When gasoline prices spike, do you go in search of the station with the lowest price or wait in a long line to save 5 cents a gallon? When prices fall, do you splurge and pay 10 cents more for brand-name gasoline that promises to make your engine run more smoothly?
You are like most people if you answered yes to either question. Jesse Shapiro and I have researched how consumers buy products, from gasoline to groceries. It turns out that people typically overreact to price or income changes within an expenditure category like gasoline. They work to save or splurge more than they would in response to a change in overall income of similar size.
Why do people react this way? Balancing a budget is difficult. Prices fluctuate and unforeseen expenditures occur. It would require a sophisticated optimization routine to rebalance a budget smoothly across all expenses each time prices or personal income changed. To make this problem tractable, people divide and conquer by breaking down overall budgets into easy-to-remember categories and targets, such as gas money, rent money, grocery money and fun money. By remembering a few targets and sticking to them, people may win the overall budget battle and avoid spending or saving too much. Behavioral economists refer to this as "mental accounting."
Mental accounting recommendations can be found in many self-help guides for budgeting. But mental accounting can cause us to behave in irrational ways, as we compartmentalize our decisions and lose sight of the larger picture.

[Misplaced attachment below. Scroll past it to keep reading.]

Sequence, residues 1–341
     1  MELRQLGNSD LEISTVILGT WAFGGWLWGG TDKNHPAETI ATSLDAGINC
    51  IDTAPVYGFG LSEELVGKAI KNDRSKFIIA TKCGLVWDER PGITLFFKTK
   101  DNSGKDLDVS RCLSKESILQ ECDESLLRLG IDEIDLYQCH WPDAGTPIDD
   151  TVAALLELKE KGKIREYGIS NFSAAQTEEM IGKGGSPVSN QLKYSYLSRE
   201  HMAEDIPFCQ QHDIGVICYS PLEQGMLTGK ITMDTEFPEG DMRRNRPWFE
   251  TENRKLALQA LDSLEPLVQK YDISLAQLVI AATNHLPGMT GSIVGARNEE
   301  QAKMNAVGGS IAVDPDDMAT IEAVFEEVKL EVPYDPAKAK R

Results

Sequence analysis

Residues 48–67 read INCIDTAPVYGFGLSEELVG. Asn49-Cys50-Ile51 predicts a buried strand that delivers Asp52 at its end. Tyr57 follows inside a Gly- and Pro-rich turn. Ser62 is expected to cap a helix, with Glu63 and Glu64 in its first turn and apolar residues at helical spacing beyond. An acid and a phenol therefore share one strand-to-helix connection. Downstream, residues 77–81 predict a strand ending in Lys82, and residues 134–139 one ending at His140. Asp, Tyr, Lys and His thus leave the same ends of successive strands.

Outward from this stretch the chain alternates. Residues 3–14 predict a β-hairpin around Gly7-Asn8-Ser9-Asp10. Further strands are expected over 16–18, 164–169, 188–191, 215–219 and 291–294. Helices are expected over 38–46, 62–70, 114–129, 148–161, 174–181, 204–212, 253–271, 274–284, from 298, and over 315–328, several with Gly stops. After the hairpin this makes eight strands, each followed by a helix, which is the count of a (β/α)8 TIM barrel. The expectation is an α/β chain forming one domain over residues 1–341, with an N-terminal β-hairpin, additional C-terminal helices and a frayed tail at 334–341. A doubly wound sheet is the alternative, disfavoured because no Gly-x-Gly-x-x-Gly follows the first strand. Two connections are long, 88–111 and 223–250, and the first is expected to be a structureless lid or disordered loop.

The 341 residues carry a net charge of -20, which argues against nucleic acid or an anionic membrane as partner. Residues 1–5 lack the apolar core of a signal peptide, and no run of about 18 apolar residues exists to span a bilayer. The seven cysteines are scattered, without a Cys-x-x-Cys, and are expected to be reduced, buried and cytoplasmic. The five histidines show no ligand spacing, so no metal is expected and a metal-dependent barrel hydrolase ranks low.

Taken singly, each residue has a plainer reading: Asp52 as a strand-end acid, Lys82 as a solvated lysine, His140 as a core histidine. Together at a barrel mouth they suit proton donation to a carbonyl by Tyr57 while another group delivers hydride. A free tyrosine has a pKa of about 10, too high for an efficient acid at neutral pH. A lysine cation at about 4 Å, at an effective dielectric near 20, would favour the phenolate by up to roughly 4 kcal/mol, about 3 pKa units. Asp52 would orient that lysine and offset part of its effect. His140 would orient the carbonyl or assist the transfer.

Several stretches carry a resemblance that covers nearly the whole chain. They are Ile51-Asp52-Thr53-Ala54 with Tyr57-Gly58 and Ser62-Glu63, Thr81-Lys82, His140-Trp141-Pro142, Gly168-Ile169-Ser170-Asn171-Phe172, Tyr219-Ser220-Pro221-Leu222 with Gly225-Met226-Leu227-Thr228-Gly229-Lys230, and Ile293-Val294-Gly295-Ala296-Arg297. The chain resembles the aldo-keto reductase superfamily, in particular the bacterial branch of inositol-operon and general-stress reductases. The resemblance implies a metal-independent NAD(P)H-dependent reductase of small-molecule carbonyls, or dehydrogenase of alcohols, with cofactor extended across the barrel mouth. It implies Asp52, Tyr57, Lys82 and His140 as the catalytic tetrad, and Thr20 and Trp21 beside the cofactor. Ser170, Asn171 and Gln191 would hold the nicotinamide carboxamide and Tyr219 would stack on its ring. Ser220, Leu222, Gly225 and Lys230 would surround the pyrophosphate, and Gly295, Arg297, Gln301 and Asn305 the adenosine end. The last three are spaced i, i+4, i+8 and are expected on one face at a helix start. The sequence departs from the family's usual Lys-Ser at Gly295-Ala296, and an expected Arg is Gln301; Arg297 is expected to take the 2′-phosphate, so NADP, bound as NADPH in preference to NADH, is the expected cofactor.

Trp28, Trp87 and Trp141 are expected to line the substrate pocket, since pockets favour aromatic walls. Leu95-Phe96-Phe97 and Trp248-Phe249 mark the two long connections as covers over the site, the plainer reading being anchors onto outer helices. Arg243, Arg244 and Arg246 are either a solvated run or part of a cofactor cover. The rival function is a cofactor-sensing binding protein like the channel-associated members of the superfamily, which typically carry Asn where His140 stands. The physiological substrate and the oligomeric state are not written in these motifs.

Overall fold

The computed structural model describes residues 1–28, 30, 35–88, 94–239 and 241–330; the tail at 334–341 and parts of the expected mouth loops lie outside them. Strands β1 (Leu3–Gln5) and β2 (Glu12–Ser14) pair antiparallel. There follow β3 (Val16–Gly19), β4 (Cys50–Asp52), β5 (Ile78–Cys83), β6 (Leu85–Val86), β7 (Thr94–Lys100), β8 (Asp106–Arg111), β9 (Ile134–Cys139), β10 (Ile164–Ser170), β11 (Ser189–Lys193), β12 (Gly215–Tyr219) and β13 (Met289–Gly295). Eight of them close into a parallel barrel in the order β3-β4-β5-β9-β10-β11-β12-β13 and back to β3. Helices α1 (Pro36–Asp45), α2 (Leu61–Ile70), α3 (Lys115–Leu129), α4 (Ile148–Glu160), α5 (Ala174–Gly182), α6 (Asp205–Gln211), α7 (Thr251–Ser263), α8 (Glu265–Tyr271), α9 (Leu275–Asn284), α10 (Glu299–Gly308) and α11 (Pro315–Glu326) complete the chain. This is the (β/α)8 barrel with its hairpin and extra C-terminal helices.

Economists are often irrational consumers too. Personally, I am tempted to buy a cheaper coffee bean than my favorite brand when prices rise. I often consider waiting in line for a cheaper brand of gasoline when gas prices rise, and I stop doing this when prices begin to fall. But waiting in line is not necessarily a good use of my time or a good way to save a couple of dollars out of all the ways I could save in my overall budget. Splurging on name-brand gasoline is also probably not a great way to spend the windfall created by low gas prices. Maybe I should spend that savings somewhere else—perhaps on a better glass of wine.
In the broader economy, mental accounting can be harnessed for good. Governments could nudge consumer behavior by targeting stimulus packages for durable goods in recessions, or by earmarking supplemental nutrition funds for fresh foods. Certainly companies recognize that a dollar is not always a dollar, as they try to win customers with gasoline rewards on their credit cards when prices are high and their mental accounting "gas envelope" is running on empty.
My research has encouraged me to be less sensitive to categorical income and price changes. Instead of thinking that my coffee is 20 percent more expensive during a price peak and that I should try to save money on coffee, I remember that my overall income is now $4 less a month (or so). I remind myself to save a little extra money when an opportunity arises in any category, while still enjoying my favorite cup of coffee. I use credit cards that offer the cash-back bonus, remembering that an actual dollar returned in cash can be spent on gasoline or coffee, or in any other budget category I choose.